To determine if fuel-efficient stoves would be accepted by people living around Tayna and to quantify wood use, the GRACE educators conducted a survey of 100 households. They determined that 65% of households depend only on wood, while the remaining households use charcoal or a combination of wood and charcoal. The women expressed concern over eye and head aches, coughs and chest problems they get from being around smoke. They also reported that in recent years, they were having to walk farther to collect wood, as nearby sources were depleted. If affordable, the women were very keen to try a fuel-efficient stove.

GRACE Educator Gracianne Basyanirwa asks about cooking and wood use practices (Photo: GRACE).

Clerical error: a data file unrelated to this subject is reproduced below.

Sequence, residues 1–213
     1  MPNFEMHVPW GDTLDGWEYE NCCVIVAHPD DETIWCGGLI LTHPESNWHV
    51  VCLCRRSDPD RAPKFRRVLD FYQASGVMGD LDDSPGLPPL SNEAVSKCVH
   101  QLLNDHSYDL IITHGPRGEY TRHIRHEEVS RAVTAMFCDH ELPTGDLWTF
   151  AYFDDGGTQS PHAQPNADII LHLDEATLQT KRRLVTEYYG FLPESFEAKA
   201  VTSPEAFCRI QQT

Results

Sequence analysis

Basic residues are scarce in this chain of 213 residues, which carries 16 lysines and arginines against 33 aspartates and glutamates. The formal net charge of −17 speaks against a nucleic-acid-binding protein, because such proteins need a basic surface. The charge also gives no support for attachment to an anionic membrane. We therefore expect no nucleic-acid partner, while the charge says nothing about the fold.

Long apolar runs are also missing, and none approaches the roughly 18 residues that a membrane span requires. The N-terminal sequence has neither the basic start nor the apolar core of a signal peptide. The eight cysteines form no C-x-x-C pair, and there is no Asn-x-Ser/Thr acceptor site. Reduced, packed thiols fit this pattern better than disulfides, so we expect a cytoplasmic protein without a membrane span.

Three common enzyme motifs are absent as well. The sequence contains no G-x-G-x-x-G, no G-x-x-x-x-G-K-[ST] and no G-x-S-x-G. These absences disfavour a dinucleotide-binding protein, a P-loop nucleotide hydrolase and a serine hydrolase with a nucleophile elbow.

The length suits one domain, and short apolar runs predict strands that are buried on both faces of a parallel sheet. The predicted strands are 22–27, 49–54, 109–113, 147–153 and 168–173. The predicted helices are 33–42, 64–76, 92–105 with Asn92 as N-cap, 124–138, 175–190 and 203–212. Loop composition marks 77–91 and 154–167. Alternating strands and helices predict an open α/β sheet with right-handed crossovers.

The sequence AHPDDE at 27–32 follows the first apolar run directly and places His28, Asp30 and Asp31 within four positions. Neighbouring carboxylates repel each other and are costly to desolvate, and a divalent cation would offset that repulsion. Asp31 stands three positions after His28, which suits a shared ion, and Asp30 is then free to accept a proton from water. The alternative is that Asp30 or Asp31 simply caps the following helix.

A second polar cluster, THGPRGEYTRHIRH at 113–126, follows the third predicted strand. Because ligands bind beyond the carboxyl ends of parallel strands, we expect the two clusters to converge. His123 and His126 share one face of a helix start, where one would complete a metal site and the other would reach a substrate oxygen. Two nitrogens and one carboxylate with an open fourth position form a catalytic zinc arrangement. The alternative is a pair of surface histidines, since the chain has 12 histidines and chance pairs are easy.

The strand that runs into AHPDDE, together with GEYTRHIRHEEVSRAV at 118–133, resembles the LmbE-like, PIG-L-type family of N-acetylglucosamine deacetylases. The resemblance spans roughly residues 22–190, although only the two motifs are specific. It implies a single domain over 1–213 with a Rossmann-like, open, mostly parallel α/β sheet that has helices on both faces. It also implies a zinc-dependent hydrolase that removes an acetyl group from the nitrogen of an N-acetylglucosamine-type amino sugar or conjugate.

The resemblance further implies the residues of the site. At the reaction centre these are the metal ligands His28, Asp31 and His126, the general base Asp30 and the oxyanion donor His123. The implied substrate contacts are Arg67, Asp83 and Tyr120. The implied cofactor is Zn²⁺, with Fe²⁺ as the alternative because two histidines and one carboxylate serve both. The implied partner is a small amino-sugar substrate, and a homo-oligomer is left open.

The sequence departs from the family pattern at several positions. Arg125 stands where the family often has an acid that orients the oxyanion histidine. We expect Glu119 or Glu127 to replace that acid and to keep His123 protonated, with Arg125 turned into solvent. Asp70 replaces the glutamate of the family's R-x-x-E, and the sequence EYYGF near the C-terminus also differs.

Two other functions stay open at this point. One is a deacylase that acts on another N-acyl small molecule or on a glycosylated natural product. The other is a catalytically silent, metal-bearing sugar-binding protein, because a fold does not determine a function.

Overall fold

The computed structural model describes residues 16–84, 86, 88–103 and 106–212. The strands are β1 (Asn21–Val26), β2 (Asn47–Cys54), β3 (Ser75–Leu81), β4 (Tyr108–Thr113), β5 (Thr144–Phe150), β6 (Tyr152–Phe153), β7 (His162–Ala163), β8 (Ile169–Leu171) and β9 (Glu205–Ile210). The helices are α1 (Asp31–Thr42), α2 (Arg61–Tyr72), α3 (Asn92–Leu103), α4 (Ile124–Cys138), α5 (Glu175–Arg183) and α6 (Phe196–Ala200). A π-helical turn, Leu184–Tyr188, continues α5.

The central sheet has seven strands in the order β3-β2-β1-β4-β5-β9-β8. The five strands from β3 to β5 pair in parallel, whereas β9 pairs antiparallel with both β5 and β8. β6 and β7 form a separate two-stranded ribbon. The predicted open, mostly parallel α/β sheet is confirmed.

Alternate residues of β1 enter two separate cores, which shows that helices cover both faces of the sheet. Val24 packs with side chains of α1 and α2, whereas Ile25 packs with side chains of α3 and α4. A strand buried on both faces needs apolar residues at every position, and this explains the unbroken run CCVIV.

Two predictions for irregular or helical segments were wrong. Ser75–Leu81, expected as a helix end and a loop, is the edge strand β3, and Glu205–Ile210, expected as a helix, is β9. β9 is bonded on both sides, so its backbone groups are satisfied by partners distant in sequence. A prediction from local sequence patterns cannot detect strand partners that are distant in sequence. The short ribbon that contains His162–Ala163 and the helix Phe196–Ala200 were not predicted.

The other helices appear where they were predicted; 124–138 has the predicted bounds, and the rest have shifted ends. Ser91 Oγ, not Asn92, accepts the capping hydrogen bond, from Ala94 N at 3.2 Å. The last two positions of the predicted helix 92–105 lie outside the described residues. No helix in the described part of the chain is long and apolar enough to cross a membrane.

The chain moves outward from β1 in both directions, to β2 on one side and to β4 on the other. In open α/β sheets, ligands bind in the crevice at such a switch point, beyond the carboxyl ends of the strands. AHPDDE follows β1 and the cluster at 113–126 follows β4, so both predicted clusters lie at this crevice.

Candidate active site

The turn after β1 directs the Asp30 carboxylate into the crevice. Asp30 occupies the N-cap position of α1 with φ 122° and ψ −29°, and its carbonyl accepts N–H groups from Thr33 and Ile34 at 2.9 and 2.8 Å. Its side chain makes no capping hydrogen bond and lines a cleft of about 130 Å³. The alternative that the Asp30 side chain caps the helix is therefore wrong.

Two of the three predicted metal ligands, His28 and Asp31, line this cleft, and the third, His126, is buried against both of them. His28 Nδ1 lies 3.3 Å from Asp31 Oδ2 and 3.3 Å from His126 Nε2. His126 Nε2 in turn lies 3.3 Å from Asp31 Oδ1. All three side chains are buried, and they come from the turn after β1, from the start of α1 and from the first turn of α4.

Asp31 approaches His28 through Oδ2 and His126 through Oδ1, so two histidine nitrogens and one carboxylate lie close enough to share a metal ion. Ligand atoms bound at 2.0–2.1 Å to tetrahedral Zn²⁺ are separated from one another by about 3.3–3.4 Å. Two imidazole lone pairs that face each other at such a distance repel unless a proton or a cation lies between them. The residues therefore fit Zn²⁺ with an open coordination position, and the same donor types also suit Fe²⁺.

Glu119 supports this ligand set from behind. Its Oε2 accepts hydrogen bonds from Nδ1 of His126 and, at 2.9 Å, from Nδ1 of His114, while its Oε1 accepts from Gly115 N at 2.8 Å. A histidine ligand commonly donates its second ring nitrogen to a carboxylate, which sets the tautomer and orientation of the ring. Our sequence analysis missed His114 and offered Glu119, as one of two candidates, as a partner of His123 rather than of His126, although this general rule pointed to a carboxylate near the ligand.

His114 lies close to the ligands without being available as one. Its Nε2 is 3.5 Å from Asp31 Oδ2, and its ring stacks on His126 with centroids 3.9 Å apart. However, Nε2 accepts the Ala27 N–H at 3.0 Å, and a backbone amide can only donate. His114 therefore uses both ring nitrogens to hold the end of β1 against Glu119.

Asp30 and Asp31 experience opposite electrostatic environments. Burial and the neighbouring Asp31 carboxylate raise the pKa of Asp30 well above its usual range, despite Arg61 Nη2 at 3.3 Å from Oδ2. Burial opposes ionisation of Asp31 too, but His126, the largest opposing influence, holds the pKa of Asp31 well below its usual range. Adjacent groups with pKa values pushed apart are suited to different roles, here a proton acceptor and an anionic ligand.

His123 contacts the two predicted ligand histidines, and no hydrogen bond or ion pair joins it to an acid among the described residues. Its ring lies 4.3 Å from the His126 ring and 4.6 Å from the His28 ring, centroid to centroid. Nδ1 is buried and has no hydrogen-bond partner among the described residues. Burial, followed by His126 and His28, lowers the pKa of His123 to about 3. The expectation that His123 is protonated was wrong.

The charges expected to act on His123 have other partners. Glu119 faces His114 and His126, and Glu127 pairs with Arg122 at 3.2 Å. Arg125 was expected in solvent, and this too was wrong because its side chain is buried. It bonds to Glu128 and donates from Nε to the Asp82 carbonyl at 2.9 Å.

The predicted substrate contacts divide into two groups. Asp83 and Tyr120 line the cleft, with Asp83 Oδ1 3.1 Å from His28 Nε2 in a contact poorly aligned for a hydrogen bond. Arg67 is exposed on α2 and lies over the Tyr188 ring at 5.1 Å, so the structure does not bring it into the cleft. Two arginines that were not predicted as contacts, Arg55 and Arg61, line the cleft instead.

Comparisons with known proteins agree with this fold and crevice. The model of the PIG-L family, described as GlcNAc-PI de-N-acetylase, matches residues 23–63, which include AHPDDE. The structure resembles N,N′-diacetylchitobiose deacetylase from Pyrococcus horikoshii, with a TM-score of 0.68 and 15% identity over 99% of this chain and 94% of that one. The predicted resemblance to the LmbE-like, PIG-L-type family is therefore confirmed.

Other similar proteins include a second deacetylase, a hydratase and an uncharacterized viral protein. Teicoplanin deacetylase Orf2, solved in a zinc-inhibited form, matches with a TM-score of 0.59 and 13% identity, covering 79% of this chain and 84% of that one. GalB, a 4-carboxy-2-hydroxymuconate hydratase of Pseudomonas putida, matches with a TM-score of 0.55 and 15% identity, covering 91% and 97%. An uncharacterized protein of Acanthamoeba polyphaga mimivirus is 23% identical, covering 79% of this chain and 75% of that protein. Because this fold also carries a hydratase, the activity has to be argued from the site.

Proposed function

With funding provided by a grant from the Disney Conservation Fund, the GRACE educators, working with a local women’s group, were able to launch a pilot stove project in 2018. They conducted a feasibility study with the local community to determine if the taste of food cooked on the fuel-efficient stove was acceptable, which type of stove worked best in the wet environment around Tayna, and also came up with a solution for building low-cost units. People in this region are very resourceful, and with encouragement from the GRACE team, they came up with an excellent option. Many buildings in the area are made from brick and after each building project, there are broken bricks that are tossed aside. Women gathered the broken and discarded bricks, and, working with a local craftsman, were able to construct stoves at a greatly reduced cost using just brick pieces, mud, and a small amount of metal.

A demonstration at International Women’s Day for how to build and use fuel-efficient stoves (Photo: GRACE).